Alex Ross on the new Saariaho

Alex Ross has some supplementary comments to his recent New Yorker column on Kaija Saariaho's Adriana Mater. He concludes with the interesting observation that "The new mindset seems to be this: Never mind Schoenberg and Stravinsky, it's all about Debussy and Sibelius.'" As far as European music is concerned I think this is largely accurate. Or at least, as Finnish spectralism is having an increasing influence on European concert music, it makes sense. One should, however, pick at this phenomenon just a little. Much as I love spectral music, and have a fondness for many Finnish composers, it should be pointed out that the continuing rise of spectralism, and particularly its Finnish variant, is not just down to awesome choons. What helps, as I have frequently observed on these pages, is the Finn's particular talent and enthusiasm for new music promotion and organisation. The Finnish Music Information Centre is superb, and means I am more informed about current Finnish music than most other countries'. It also reflects the level of care and seriousness with which new music seems to be treated in Finland – and must surely be partly responsible for the strong seam of Finnish composition that we currently enjoy.

But what also helps is that so many of the top Finnish composers also make excellent conductors, and as a result new Finnish music is never far from the thoughts of many of the world's top orchestras and concert halls. In London in recent years there seems to be a celebration of new Finnish music every season. Right on cue, Kalevi Aho's new Clarinet Concerto is being premiered here tomorrow night by the BBC SO and Martin Fröst. It's no surprise, then, that Sibelius should be ripe for reconsideration since he is the national touchstone for so much of this music.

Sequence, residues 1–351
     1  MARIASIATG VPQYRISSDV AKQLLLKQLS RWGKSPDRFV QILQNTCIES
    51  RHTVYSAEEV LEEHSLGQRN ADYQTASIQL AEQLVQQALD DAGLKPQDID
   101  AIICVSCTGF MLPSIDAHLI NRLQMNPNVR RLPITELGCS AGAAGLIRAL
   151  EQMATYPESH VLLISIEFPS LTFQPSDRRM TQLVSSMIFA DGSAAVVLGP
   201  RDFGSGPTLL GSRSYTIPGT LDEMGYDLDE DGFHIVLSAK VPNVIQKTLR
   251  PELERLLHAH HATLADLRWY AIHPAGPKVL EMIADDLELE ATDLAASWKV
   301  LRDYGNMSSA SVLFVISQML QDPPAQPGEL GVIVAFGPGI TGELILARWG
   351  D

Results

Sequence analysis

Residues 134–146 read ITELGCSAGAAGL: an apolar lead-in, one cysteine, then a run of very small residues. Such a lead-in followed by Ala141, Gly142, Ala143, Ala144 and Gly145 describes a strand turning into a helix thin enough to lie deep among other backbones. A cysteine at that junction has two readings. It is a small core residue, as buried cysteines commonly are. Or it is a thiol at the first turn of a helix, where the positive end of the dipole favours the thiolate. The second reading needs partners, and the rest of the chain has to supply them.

It's hard promotion, graft and the tough sell that shapes the canon – it's how we got so far into Schoenberg and Webern, for all their merits – and its good to think that the same mechanisms are now reshaping that canon in favour of everyone else.


3 thoughts on “Alex Ross on the new Saariaho

  1. I’m going through a major spectralist phase right now: Murail, Grisey, Saariaho. I love L’amour de Loin by Saariaho and hope to see a production of it some day. Any recommendations of good spectralist type things (Finnish or not) to search out beyond the abovementioned three?

  2. Claude Vivier is my favourite of the group mentioned – i’ve heard v little talk of this two DVD music theatre set! The first time i came across his music ws the one w/”Lonely Child” in it. Ross hasn’t mentioned James Dillon but “ignis noster/helle nacht” certainly falls in line even if it isn’t strictly spectral (can’t remember) – its v calm, and he is surprisingly tuneful in other works, too.

    Last night i gave a listen to Grisey’s “Jour contre jour”, which has what sounds like a brass instr leading a prolonged unfolding/de-folding, which is the first thing from him that i’ve immediately liked.
    (Is Iancu Dumitrescu spectral? again he is v much on the ‘cosmic’ end of things but even more noisier than the noisiest Saariaho, perharps the reason why he doesn’t get much of a mention but i really liked some of his music.)

    ws giving a listen to ‘Khorovod’ (for 15 players) by Julian Anderson and ‘gondwana’ by Murail and trying to think as to why so much spectral music simply doesn’t really do it for me, whereas all that ‘gestural’ stuff that Ross isn’t so keen on (i’m assuming he is talking about ‘new complexity’) (a tad unfair, lots of ‘gestures’ get codified into a rich language all of its own) is so much more immediate and listened to..

  3. i’m curious to know where julio heard khorovod by julian anderson … it’s a great piece, i’ve heard it in concerts, but i’ve not been able to find a CD available (though i believe one is forthcoming from Ondine)

    henry – do try and get to hear some vivier if you haven’t already. and there are some fantastic pieces by romanian composers, esp. stefan niculescu – try his 2nd and 3rd symphonies on Olympia (if you can find them!) or a disc of romanian saxophone concertos with daniel kientzy on a french label which i’ve only found on fnac’s website

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